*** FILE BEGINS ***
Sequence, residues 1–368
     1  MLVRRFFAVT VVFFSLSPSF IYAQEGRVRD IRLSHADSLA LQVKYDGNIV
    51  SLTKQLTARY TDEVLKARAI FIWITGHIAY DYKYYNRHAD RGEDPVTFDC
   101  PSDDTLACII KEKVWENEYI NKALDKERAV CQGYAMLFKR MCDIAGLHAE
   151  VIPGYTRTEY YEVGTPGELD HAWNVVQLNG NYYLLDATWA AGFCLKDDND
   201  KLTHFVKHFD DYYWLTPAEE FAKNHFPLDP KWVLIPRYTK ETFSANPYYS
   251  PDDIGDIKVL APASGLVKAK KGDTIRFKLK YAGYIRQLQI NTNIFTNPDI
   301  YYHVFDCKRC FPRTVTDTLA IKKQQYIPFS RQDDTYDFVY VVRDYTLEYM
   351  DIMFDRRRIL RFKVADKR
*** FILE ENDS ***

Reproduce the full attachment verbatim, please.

Sequence, residues 1–368
     1  MLVRRFFAVT VVFFSLSPSF IYAQEGRVRD IRLSHADSLA LQVKYDGNIV
    51  SLTKQLTARY TDEVLKARAI FIWITGHIAY DYKYYNRHAD RGEDPVTFDC
   101  PSDDTLACII KEKVWENEYI NKALDKERAV CQGYAMLFKR MCDIAGLHAE
   151  VIPGYTRTEY YEVGTPGELD HAWNVVQLNG NYYLLDATWA AGFCLKDDND
   201  KLTHFVKHFD DYYWLTPAEE FAKNHFPLDP KWVLIPRYTK ETFSANPYYS
   251  PDDIGDIKVL APASGLVKAK KGDTIRFKLK YAGYIRQLQI NTNIFTNPDI
   301  YYHVFDCKRC FPRTVTDTLA IKKQQYIPFS RQDDTYDFVY VVRDYTLEYM
   351  DIMFDRRRIL RFKVADKR